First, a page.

Now that NASA has shown the viability of autonomous X-ray navigation in space, a team led by the Smithsonian Astrophysical Observatory plans to include the technology on a proposed cubesat mission to the Moon — NASA engineers are now studying the possibly of adding the capability to future human-exploration spacecraft.
Interest in this emerging capability to guide spacecraft to the far reaches of the solar system comes just months after NASA scientist Keith Gendreau and his team at the agency’s Goddard Space Flight Center in Greenbelt, Maryland, successfully demonstrated the technique — commonly known as XNAV — with an experiment called Station Explorer for X-ray Timing and Navigation Technology, or SEXTANT.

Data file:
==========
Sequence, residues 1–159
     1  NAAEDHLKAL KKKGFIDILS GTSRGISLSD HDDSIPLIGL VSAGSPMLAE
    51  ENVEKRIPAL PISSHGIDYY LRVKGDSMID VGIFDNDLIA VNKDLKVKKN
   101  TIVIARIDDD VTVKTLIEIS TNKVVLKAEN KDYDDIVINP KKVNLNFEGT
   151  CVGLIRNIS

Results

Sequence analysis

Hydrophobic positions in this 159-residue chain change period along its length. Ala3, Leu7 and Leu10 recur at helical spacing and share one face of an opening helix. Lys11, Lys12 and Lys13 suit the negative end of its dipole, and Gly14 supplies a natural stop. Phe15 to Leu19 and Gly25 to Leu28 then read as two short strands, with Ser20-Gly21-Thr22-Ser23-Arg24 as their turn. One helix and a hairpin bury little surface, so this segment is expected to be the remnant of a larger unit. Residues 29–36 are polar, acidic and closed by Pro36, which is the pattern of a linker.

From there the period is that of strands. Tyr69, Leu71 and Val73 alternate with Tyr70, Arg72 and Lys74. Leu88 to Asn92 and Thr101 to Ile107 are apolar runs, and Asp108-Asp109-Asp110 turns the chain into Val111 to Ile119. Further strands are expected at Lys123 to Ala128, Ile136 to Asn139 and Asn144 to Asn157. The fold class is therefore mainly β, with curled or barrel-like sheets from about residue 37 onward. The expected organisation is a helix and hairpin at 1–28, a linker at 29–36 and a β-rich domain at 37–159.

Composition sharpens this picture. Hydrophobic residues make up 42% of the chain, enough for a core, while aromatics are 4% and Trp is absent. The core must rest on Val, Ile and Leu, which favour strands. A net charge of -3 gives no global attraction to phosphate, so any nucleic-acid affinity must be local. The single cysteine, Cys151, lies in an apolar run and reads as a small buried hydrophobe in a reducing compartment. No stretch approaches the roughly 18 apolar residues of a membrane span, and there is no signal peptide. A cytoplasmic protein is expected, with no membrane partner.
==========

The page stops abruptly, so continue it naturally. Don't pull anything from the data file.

The SEXTANT technology demonstration, which NASA’s Space Technology Mission Directorate had funded under its Game Changing Development program, took place late last year and demonstrated that millisecond pulsars could be used to accurately determine the location of an object moving at thousands of miles per hour in space. These pulsations are highly predictable, much like the atomic clocks used to provide timing data on the ubiquitous GPS system.
During the demonstration, SEXTANT took advantage of the 52 X-ray telescopes and silicon drift detectors on NASA’s Neutron-star Interior Composition Explorer, or NICER, to detect X-rays emanating from four millisecond-pulsar targets. The pulsars’ timing data were fed into onboard algorithms that autonomously generated a navigation solution for the location of NICER in orbit around Earth.
The team is expected to carry out another XNAV demonstration later this spring to see if it can improve on the technology’s already impressive accuracy, said SEXTANT Project Manager Jason Mitchell, who works at Goddard.